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A Guide to Reader’s Theater
(or Readers Theatre)

By Aaron Shepard

Reproduced in full from the booklet
Readers on Stage, Shepard Publications, 2003

A revised and expanded version can be found in the later, book-length edition of Readers on Stage.

For more reader’s theater, visit Aaron Shepard’s RT Page at

Copyright © 1993-97, 2003, 2004 by Aaron Shepard. May be freely copied and shared for any noncommercial purpose as long as no text is altered or omitted.

Reader’s theater is often defined by what it is not—no memorizing, no props, no costumes, no sets. All this makes reader’s theater wonderfully convenient. Still, convenience is not its chief asset.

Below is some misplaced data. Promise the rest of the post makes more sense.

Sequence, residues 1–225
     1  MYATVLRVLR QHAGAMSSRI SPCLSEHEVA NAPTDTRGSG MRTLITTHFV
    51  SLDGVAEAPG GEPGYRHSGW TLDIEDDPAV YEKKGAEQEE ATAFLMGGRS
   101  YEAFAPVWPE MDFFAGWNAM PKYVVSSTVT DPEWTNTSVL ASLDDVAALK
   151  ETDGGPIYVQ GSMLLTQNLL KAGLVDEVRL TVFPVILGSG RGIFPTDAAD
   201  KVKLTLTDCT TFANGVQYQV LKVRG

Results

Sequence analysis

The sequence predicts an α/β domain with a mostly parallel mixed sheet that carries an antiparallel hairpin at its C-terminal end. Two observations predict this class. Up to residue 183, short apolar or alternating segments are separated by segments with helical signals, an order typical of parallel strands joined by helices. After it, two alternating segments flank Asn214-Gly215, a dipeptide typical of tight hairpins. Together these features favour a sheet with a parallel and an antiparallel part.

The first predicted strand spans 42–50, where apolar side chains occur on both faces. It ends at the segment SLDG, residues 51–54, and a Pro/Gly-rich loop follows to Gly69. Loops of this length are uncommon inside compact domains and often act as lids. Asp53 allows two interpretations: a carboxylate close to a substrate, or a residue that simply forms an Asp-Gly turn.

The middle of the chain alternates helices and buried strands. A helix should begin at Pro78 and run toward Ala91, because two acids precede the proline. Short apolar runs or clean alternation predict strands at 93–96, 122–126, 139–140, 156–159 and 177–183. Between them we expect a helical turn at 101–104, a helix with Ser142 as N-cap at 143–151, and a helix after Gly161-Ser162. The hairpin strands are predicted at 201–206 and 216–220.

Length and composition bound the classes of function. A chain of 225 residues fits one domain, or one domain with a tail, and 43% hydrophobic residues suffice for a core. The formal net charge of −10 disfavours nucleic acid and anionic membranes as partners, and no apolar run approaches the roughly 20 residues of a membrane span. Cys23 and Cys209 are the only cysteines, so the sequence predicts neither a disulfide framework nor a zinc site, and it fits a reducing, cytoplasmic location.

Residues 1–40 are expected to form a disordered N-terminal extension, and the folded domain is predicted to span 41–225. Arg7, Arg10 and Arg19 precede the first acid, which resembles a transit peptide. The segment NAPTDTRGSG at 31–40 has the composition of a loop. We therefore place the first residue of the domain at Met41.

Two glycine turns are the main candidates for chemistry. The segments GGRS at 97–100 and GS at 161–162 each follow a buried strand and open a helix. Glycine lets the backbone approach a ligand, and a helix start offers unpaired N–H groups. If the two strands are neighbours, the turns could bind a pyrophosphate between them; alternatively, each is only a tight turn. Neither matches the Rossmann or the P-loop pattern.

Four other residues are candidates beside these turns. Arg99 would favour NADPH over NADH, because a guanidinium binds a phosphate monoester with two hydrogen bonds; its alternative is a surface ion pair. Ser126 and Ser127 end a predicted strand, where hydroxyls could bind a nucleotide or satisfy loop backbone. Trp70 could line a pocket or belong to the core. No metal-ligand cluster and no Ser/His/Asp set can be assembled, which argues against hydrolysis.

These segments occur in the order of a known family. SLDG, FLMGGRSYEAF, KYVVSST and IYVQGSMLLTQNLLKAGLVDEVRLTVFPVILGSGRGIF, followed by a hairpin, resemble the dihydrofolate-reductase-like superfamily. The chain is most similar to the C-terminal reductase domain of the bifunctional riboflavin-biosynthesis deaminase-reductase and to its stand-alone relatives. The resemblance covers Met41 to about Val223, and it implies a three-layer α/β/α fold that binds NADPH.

Like storytelling, reader’s theater can create images by suggestion that could never be portrayed realistically on stage. Space and time can be shrunk or stretched, fantastic worlds can be created, marvelous journeys can be enacted. Reader’s theater frees the performers and the audience from the physical limitations of conventional theater, letting the imagination soar.

Enjoy the magic of reader’s theater!


  1. Tips on Scripting

  2. Tips on Staging

  3. Tips on Reading